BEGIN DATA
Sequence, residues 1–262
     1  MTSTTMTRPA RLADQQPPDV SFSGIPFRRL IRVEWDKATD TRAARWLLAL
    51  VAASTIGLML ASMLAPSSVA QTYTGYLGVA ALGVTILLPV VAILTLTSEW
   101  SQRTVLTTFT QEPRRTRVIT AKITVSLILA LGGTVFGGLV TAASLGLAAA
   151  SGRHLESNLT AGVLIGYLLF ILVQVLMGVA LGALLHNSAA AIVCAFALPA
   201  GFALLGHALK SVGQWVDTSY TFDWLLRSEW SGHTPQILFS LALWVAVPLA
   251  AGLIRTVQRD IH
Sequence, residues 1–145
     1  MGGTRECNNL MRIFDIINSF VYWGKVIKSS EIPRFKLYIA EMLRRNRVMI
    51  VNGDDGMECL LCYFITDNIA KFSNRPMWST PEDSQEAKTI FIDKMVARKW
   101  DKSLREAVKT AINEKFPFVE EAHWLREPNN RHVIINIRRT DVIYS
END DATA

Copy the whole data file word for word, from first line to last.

Sequence, residues 1–262
     1  MTSTTMTRPA RLADQQPPDV SFSGIPFRRL IRVEWDKATD TRAARWLLAL
    51  VAASTIGLML ASMLAPSSVA QTYTGYLGVA ALGVTILLPV VAILTLTSEW
   101  SQRTVLTTFT QEPRRTRVIT AKITVSLILA LGGTVFGGLV TAASLGLAAA
   151  SGRHLESNLT AGVLIGYLLF ILVQVLMGVA LGALLHNSAA AIVCAFALPA
   201  GFALLGHALK SVGQWVDTSY TFDWLLRSEW SGHTPQILFS LALWVAVPLA
   251  AGLIRTVQRD IH
Sequence, residues 1–145
     1  MGGTRECNNL MRIFDIINSF VYWGKVIKSS EIPRFKLYIA EMLRRNRVMI
    51  VNGDDGMECL LCYFITDNIA KFSNRPMWST PEDSQEAKTI FIDKMVARKW
   101  DKSLREAVKT AINEKFPFVE EAHWLREPNN RHVIINIRRT DVIYS